Dei'ah veDibur - Information & Insight

A Window into the Chareidi World

15 Kislev 5764 - December 10, 2003 | Mordecai Plaut, director Published Weekly









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Bnei Brak is Israel's Most Crowded City
by G. Kleiman

Data for 2001-2002 released by the Central Bureau for Statistics (CBS) shows Bnei Brak is the most crowded city in Israel. The report covers various categories, and surveys the 13 largest cities in the country which all have a population of more than 100,000 residents.

Rishon Letzion is the most spacious city and has the lowest rate of traffic accidents, infant mortality and unemployment. Ashkelon posted the highest infant morality and unemployment rates. Be'er Sheva had the highest rate of road accidents and the lowest prices for apartments. Tel Aviv posted the highest average apartment price.

The unemployment rate in some cities: Ashkelon (17%), Be'er Sheva (14.8%), Bnei Brak (10.6%), Tel Aviv-Jaffa (10%), Jerusalem (9.2%), Ramat Gan (7.8%) and Petach Tikva (7.6%).

The cities where education outlays per student are highest include Tel Aviv (NIS 1,820), Rishon Letzion (NIS 1,534) and Be'er Sheva (NIS 1,413); the lowest outlays per student were in Jerusalem (NIS 907), Haifa (NIS 830) and Bat Yam (NIS 804).

Leading the list of welfare costs are Tel Aviv (NIS 885 per person), Be'er Sheva (NIS 625) and Ashkelon (NIS 600); at the bottom of the list are Jerusalem (NIS 471), Ashdod (NIS 445) and Holon (NIS 431).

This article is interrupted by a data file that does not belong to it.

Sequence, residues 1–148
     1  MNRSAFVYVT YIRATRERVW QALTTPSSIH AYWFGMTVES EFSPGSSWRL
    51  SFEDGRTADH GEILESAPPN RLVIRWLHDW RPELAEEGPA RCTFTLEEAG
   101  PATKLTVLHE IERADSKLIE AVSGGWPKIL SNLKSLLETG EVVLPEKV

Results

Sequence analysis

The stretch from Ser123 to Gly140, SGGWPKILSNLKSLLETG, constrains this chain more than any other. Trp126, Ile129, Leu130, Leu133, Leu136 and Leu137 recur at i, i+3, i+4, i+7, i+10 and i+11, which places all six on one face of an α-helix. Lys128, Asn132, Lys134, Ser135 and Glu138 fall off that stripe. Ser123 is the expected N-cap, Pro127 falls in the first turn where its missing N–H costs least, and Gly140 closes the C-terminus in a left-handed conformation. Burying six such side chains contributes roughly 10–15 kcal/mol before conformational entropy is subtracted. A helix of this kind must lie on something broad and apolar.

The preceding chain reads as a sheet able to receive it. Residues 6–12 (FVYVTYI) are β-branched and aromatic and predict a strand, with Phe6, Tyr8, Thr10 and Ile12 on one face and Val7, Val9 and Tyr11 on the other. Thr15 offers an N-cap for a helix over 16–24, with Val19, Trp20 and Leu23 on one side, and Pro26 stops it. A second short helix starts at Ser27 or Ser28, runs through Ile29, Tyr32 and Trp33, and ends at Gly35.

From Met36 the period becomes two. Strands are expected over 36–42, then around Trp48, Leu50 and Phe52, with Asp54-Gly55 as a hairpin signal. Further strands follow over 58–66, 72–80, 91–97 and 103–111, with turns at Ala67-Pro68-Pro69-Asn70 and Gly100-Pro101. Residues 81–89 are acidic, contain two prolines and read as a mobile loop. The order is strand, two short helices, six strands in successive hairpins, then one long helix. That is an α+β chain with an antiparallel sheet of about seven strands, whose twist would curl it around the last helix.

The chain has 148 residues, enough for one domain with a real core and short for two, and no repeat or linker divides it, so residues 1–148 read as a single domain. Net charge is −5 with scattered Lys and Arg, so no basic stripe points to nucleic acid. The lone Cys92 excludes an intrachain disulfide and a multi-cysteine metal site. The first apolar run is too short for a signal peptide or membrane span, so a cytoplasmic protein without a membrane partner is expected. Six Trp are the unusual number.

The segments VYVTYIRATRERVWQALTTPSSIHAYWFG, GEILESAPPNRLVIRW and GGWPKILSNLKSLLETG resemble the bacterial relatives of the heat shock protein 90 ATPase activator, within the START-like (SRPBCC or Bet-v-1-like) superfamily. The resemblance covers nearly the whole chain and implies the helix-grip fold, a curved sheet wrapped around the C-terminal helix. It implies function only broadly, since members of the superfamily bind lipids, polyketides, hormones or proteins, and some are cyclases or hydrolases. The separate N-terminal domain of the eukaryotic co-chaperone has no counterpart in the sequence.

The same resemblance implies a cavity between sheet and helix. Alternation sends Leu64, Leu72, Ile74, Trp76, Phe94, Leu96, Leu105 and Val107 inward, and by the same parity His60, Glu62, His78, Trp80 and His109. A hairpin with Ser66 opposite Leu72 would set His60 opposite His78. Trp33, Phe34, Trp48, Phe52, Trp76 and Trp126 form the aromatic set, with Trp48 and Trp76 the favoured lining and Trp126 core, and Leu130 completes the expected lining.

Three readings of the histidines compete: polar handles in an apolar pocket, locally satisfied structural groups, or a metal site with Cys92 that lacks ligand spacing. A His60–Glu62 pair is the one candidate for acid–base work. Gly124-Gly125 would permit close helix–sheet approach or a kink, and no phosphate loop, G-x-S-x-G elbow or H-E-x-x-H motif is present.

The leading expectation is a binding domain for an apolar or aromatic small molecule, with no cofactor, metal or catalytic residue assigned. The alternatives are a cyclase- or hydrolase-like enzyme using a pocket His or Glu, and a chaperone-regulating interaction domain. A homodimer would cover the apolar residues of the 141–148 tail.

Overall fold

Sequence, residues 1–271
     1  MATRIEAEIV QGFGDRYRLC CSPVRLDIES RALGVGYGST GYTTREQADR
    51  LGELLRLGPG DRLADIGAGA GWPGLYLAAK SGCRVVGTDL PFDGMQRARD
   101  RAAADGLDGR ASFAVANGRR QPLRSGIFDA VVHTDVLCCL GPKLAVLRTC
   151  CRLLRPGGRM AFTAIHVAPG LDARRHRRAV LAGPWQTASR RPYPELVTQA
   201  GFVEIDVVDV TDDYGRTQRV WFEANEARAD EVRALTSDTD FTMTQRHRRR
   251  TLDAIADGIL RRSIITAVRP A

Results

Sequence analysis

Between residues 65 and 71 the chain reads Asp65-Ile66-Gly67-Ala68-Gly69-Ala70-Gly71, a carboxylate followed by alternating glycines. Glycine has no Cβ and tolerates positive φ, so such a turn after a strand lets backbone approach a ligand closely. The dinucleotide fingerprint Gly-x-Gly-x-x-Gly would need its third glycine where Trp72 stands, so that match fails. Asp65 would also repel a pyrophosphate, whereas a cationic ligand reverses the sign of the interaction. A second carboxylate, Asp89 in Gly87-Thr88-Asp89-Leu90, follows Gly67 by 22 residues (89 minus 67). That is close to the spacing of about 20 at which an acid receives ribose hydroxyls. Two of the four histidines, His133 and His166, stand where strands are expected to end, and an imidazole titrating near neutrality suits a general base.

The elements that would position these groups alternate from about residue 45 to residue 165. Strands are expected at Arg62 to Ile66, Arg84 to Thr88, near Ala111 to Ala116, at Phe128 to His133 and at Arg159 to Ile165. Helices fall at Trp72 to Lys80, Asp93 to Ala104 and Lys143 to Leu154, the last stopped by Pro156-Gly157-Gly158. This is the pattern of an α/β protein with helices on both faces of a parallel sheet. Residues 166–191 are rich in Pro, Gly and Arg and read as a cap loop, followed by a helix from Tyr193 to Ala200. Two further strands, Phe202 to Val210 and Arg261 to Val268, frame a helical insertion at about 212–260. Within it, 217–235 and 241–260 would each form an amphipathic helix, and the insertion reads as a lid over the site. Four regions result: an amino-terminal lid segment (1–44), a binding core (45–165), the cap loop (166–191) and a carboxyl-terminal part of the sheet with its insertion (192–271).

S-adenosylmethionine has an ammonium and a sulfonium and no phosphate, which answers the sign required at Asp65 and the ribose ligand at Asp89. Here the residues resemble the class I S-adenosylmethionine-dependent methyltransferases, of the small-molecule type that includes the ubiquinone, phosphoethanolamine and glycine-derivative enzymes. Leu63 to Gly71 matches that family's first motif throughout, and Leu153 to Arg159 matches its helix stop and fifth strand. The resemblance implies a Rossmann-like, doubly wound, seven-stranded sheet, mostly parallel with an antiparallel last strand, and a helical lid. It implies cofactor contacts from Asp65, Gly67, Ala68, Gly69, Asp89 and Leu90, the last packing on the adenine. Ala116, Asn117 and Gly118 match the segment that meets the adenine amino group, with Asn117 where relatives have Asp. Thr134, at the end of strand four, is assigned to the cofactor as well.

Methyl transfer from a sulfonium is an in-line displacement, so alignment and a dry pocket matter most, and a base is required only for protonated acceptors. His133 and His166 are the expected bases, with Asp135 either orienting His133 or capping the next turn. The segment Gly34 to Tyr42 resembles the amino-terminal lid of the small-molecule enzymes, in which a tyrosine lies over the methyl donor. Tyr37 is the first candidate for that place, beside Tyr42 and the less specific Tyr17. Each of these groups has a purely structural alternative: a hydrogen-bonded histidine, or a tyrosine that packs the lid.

The only cities with a positive migration balance are Ashdod and Rishon Letzion. The greatest out-migration is from Jerusalem (6,000 people), followed by Bnei Brak (4,000), Bat Yam and Haifa (2,600 each), Holon (1,700), Tel Aviv and Ramat Gan (1,400 each) and Petach Tikva and Netanya (400 each).

Last year the most crowded conditions were found in Bnei Brak (19,500 inhabitants per square kilometer), Bat Yam (16,300) and Ramat Gan (9,300). In contrast Rishon Letzion had only 4,130 inhabitants per square kilometer.

The 13 most populated cities were Jerusalem (680,000 inhabitants), Tel Aviv (360,000), Haifa (271,000), Rishon Letzion (212,000), Ashdod (188,000), Be'er Sheva (182,000), Petach Tikva (173,000), Holon (166,000), Netanya (165,000), Bnei Brak (139,000), Bat Yam (134,000), Ramat Gan (127,000) and Ashkelon (105,000) -- kein yirbu.

The report listed Bnei Brak as the city with the longest life expectancy.

Infant mortality rates were as follows: Ashkelon (7.6 deaths per thousand births), Jerusalem (6.5), Bat Yam (6.4%), Haifa (6.1%), Netanya (5.4) Ashdod (5.3), Tel Aviv-Jaffa (5.2), Be'er Sheva (5), Holon (4.1), Petach Tikva (3.1), Ramat Gan (2.7) and Rishon Letzion (2.3).


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